Here’s an interesting notice in the Winchester Star’s most recent “Out of the Past” column from August 11, 1947. It seems that the temperature that day reached 97° at 2:00 p.m. The paper called the Winchester Research Laboratory and “opened the conversation with ‘Isn’t this a scorcher?’ Dr. A. B. Groves shot back, ‘This is nothing brother, back in 1930 the temperature in Winchester shot to 107 during August.’”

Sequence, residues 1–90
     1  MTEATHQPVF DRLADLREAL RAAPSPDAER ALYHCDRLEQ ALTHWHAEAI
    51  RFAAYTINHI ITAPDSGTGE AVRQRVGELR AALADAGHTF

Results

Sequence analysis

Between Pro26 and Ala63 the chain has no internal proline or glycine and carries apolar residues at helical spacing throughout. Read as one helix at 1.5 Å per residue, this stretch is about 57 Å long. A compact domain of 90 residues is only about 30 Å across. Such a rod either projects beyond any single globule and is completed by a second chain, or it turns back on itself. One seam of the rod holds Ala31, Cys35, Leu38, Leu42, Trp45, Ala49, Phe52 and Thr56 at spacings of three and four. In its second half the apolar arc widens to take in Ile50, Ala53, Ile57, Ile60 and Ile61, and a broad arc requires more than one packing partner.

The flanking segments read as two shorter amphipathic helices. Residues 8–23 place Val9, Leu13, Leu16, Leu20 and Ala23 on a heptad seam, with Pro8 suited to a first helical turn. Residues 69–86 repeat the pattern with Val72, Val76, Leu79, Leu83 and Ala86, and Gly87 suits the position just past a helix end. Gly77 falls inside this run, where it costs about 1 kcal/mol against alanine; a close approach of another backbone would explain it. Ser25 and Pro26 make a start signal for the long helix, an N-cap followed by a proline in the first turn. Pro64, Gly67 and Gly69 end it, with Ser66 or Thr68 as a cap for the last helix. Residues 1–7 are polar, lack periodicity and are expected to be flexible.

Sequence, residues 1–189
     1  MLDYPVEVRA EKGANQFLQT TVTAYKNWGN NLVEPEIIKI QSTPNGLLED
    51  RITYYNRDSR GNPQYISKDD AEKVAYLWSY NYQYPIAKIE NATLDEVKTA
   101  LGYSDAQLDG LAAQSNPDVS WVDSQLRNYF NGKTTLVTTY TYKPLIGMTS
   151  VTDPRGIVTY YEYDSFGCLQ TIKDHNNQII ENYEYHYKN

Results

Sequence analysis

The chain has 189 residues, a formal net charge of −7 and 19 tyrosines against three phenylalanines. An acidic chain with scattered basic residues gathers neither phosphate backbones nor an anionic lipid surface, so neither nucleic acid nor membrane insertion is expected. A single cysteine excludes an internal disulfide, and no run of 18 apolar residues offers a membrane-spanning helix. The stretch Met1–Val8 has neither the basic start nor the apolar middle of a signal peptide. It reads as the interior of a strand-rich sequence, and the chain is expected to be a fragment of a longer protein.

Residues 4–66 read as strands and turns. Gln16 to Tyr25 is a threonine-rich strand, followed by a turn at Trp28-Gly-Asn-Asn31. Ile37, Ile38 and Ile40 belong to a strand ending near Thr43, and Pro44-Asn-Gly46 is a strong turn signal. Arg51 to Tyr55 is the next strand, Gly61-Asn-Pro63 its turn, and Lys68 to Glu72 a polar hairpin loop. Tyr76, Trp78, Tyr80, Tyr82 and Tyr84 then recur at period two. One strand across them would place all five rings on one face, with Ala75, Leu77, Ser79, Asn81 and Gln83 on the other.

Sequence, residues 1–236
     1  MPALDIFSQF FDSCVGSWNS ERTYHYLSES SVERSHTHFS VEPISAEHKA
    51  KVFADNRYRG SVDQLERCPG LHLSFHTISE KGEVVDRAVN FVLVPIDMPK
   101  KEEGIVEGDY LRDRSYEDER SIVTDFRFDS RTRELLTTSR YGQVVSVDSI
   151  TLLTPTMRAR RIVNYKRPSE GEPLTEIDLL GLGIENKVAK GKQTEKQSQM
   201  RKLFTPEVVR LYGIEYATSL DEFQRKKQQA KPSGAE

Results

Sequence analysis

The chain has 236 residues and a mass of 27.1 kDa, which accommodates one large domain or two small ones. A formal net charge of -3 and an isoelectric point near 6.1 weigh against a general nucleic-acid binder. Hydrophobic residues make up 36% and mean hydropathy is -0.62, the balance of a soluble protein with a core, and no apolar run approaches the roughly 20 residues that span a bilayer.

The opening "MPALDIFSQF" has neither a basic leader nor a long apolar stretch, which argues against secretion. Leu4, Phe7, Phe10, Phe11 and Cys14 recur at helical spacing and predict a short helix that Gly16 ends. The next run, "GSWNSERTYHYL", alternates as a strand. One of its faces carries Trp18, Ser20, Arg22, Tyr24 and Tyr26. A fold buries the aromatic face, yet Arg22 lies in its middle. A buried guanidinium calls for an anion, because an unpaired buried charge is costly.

Dr. Groves then stated “in rapid fire order” that the temperature had hit an even 100° in 1936, 1937, and 1943 and “in August of 1932 the temperature rose to 102, in 1924, 103; and in 1918 and 1926 it reached 106.”

Winchester citizens had an interesting name for this phenomenon of extreme heat in August back in those days: They called it “summer.”

Those lazy, hazy, crazy days of summer

About Austin Gisriel

You know the guy that records a baseball game from the West Coast in July and doesn't watch it until January just to see baseball in the winter? That's me. I'm a writer always in search of a good story, baseball or otherwise.
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